Now I needed a network. My superannuated Nokia phone (a castoff from my brother) is UK-based and on an O2 pay-as-you-go plan. I fired it up, and after a half minute it picked up a Bulgarian network I had never heard of. Success number three.

The next phase would need humans. And if they were not on the ball, everything was lost (leaving word to send a loaded wallet full of photo ID through the international post from Bulgaria to Scotland was a non-starter, I had decided). I called the hotel, and the phone was answered instantly, at 5:50 a.m. on a Sunday morning. Success number four. And the young man who answered had excellent English and was a quick thinker in a crisis. Number five.

He reacted instantly. He had his colleague sprint up to my room with the instructions for master access to the safe. He rapidly confirmed that they now had the wallet. They realized that I did not have time to get back into the city and back out again myself. So the one with the wallet sprinted outside and jumped into a taxi to head for the airport. No arrangement was made about how this would be paid for. But during my anxious twenty-minute wait — it was now only minutes before they needed me the other side of security to begin boarding — I found an ATM and used my card (which I had, in the Bulgarian wallet) to get some money out. I hadn't tried doing this before (I had bought cash with cash on arrival a week earlier), but the ATM did indeed work with my UK bank account; success number six. I drew out 50 lev. About $37.

I went outside and eventually I saw a taxi roaring down the Terminal 2 approach lane in a real hurry, overtaking other taxis. It pulled to a halt in the pouring rain. The young hotel employee jumped out and put my old wallet into my hand. I gave him the 50 leva, and he looked shocked: "This is more than enough," he said (it was, by about 20 percent). I told him to keep the extra, and he shook my hand and left, while I headed inside to go through security (thinking about how I will now always regard Bulgaria as an efficient can-do modern society were stuff works and people are smart and will help you; experiences like this create lasting impressions).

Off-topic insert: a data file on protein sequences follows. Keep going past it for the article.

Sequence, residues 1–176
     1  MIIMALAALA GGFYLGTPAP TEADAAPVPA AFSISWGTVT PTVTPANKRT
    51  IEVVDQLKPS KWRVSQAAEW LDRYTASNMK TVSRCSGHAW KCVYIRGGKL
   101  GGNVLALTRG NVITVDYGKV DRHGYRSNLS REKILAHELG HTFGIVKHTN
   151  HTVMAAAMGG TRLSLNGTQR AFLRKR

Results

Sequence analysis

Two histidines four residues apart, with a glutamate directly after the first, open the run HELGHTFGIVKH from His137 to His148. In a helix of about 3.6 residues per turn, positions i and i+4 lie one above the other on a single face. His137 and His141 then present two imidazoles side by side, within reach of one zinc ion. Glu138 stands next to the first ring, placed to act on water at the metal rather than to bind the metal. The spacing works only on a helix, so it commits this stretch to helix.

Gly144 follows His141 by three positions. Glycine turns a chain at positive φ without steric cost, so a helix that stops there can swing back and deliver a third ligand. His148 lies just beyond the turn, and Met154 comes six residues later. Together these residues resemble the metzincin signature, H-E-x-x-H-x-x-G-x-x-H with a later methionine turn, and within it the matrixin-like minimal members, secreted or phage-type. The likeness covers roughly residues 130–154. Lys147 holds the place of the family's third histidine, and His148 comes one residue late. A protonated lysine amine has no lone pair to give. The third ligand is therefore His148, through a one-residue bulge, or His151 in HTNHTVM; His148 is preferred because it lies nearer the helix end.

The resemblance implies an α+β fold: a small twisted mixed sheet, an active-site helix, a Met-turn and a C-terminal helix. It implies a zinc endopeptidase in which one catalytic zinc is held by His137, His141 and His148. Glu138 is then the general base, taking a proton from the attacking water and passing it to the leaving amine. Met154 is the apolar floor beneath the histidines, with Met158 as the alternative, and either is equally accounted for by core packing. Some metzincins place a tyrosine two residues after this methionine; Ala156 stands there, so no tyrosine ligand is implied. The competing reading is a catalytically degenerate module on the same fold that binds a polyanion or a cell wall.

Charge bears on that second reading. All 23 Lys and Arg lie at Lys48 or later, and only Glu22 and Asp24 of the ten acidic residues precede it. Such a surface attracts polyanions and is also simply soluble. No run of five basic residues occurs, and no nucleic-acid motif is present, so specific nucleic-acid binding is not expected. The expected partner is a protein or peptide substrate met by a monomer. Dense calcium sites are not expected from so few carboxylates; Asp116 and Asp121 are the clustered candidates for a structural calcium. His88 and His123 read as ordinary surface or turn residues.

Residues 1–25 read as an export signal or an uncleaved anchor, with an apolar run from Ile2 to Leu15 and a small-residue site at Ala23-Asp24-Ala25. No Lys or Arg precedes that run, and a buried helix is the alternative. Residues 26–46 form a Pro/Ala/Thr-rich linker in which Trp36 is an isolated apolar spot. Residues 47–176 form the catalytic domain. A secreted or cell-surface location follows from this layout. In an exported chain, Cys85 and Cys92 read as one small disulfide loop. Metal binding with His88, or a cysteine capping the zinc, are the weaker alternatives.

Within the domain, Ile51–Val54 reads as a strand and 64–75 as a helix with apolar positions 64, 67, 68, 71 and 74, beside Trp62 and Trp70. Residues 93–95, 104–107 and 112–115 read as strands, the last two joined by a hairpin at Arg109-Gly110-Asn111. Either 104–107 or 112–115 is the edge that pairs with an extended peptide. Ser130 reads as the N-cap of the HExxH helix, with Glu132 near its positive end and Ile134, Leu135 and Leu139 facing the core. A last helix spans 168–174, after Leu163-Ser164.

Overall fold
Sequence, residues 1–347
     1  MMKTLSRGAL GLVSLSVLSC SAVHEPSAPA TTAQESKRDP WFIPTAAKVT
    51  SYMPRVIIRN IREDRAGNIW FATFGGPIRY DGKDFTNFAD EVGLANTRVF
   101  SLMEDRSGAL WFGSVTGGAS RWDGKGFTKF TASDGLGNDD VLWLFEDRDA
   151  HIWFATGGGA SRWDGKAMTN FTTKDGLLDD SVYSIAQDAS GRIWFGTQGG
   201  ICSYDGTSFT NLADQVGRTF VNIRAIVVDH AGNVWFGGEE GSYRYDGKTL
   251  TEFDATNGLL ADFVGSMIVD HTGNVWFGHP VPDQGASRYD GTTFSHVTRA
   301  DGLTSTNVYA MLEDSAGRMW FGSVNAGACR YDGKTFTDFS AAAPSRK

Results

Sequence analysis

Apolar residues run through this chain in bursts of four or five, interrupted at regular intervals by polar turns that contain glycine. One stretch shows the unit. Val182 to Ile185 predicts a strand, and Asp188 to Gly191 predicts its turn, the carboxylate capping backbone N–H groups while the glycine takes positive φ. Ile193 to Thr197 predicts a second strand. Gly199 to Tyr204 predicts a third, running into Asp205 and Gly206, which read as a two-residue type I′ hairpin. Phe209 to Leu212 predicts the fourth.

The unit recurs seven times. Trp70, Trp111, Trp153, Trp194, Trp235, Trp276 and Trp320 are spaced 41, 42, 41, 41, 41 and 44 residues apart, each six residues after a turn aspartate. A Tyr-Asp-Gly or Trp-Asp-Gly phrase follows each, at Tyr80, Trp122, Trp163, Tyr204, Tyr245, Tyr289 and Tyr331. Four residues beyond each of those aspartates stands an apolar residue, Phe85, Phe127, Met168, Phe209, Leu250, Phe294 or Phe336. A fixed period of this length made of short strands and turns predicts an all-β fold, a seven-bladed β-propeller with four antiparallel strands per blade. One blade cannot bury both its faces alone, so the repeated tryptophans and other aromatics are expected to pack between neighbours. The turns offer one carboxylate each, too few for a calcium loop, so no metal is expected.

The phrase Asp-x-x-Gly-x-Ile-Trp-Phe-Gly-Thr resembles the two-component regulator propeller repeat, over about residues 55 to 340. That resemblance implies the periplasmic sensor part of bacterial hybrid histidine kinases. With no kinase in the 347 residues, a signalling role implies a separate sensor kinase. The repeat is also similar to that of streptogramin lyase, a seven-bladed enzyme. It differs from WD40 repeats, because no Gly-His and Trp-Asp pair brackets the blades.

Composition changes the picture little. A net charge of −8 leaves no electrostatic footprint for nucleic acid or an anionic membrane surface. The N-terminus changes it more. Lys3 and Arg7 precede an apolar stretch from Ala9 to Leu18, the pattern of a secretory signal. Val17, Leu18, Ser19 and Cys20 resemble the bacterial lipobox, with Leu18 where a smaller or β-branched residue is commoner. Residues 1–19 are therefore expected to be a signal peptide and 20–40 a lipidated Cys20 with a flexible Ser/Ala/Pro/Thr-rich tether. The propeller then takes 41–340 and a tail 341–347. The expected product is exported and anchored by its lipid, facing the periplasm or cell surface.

From there things went smoothly. When I got to Edinburgh and KLM told me my checked suitcase had failed to follow me and was thought to be making its way independently from Sofia to London Heathrow, and planned to join me tomorrow, I didn't even care. I was nearly home, and was in too good a mood to grumble about one cart of bags that didn't make the change of planes at Amsterdam.

I'm actually typing this on my MacBook Air during the 25-minute bus journey in from the Edinburgh Airport. Summer has finally arrived. It's hot and sunny. The bus is making its way slowly along a Princes Street thronged with foreign tourists; hundreds of women in halter tops or dramatic sleeveless summer dresses; the grass in the gardens below the castle is jammed with happy sunbathers. I'm going to walk up to St. Andrew Square and down the steep hill of Dublin Street, with its glorious view of Fife across the water, and pick up a spicy vegetable paratha at the Pakistani shop at the bottom because I'm starving. From there it's just a minute round the corner to my apartment. I'm home.

But now, listen to me. Pay attention, look me in the eyes and listen to me: Don't ever purchase on a foreign trip a new instance of some valuable thing that is identified by a definite singular NP on your checklist of things you must not forget when you pack, unless you explicitly alter the wording of the checklist ("wallet old and new wallets"). Remember that. And remember that you heard it here on Language Log.

[Comments aren't switched on. I was going to switch them on, but I forgot to complete my checklist. Sorry.]

Comments are closed.